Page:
Dear Commons Community,
It took 99 days of a contentious lockout, but baseball is back.
An agreement reached yesterday by Major League Baseball’s club owners and its players’ union after months of heated negotiations will allow for a full season, with opening day scheduled for April 7.
The five-year collective bargaining agreement will increase pay for young players and better incentivize teams to compete, among other provisions. Over the last two days, the deal was nearly derailed by a disagreement over creating a draft system for players overseas, but a compromise was struck that will be finalized later.
“Being back on the field is exciting for owners, players, fans as well,” Gerrit Cole, a Yankees star pitcher and a member of a union subcommittee that worked on the deal, said in a phone interview. “I think that’ll be the first step to maybe trying to mend some of the fences with some of the fans that have probably been upset with this process, and rightfully so.”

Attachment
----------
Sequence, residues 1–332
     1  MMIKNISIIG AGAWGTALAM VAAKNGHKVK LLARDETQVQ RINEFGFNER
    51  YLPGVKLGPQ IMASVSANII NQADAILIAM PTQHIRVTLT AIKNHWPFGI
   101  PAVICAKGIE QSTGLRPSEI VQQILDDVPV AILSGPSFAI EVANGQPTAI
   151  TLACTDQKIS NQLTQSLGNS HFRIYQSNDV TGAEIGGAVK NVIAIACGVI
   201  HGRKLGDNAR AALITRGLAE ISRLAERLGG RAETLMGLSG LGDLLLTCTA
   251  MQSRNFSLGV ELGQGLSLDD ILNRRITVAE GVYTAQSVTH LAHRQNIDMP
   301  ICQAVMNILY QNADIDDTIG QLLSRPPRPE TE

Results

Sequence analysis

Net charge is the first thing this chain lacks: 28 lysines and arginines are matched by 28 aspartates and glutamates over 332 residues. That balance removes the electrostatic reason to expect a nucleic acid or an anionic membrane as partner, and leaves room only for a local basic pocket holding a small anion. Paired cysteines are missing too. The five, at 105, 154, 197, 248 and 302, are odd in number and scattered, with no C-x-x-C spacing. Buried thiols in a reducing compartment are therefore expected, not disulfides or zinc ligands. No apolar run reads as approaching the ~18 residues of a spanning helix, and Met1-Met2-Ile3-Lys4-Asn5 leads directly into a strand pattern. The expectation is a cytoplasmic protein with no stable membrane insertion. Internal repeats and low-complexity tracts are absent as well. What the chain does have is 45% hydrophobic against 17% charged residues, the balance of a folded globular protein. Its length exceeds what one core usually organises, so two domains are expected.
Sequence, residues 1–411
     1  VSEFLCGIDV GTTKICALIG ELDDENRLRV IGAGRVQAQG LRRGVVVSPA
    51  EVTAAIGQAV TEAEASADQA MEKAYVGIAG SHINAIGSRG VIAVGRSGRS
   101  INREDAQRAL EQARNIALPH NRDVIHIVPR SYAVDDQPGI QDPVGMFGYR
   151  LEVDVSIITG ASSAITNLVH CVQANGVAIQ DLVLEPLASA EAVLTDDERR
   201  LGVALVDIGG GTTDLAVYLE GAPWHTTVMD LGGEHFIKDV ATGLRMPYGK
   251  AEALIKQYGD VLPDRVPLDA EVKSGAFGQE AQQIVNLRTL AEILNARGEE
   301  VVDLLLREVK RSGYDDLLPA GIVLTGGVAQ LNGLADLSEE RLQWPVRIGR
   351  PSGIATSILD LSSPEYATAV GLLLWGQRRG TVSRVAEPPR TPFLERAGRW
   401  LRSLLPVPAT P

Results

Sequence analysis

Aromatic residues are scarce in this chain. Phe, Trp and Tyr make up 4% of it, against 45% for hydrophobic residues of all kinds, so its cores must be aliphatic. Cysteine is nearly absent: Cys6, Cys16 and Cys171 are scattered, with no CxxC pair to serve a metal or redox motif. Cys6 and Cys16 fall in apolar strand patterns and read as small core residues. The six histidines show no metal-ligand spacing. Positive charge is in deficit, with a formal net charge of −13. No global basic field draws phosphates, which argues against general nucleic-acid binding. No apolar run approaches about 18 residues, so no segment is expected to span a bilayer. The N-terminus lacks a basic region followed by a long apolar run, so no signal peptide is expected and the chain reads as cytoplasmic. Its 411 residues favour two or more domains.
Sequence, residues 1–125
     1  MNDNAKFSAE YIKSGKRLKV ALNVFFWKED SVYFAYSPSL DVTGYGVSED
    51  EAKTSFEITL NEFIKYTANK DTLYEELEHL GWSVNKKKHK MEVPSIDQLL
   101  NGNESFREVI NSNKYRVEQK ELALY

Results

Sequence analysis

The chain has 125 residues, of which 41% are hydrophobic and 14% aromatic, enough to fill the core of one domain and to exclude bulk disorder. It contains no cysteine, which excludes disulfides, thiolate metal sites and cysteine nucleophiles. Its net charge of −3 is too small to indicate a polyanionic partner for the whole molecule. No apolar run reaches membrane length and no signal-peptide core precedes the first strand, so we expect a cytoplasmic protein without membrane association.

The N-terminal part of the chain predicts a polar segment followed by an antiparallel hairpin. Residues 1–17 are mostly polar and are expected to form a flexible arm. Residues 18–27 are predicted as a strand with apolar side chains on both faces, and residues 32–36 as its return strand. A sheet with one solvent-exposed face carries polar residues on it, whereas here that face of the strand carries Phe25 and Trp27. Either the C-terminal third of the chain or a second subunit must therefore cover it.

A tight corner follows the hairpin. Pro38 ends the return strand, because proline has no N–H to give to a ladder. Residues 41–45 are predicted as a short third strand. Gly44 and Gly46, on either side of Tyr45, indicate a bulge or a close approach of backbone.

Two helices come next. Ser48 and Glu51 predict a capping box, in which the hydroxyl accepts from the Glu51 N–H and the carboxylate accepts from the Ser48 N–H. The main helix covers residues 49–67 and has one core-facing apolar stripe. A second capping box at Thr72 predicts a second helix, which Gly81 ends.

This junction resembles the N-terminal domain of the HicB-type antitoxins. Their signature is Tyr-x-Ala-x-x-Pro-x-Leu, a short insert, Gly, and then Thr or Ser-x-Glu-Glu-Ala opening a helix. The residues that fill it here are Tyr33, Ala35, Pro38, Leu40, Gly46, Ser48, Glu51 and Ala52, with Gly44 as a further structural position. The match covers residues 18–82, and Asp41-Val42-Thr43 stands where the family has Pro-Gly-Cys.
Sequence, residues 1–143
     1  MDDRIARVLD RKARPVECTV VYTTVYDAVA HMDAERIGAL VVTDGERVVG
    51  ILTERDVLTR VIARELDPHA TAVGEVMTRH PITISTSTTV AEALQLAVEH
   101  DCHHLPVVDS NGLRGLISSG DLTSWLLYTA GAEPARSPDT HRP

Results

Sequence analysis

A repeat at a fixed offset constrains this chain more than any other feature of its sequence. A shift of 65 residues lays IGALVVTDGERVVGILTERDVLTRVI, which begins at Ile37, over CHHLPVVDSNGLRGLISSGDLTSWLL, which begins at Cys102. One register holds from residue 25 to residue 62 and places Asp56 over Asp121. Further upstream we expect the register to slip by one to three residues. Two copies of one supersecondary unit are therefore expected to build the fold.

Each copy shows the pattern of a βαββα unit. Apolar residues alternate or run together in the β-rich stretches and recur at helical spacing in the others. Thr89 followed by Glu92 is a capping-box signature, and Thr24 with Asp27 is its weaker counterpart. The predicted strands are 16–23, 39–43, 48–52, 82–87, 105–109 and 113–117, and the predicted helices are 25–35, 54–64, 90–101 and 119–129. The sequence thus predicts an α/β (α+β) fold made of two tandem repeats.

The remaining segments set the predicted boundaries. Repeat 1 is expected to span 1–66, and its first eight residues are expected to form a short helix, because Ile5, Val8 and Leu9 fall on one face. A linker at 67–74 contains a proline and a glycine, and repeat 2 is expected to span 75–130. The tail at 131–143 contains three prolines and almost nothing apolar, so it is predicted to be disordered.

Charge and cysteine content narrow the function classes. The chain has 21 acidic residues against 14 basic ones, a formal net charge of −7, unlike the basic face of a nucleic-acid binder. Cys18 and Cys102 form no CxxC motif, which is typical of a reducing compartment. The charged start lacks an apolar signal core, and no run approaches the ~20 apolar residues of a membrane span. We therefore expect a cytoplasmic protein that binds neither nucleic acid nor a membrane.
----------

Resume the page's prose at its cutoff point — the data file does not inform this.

In a news conference soon after the owners of M.L.B.’s 30 clubs voted to ratify the deal, M.L.B. Commissioner Rob Manfred beamed as he announced the return of the sport. He then tried to strike a more conciliatory tone with players — and fans who watched the labor fight drag out in public and compromise spring training.
“I apologize to our fans,” he said. “I know that the last few months have been difficult. There was a lot of uncertainty at a point in time when there’s a lot of uncertainty in the world. Sort of the way the process of collective bargaining works sometimes.”
See you at Yankee Stadium!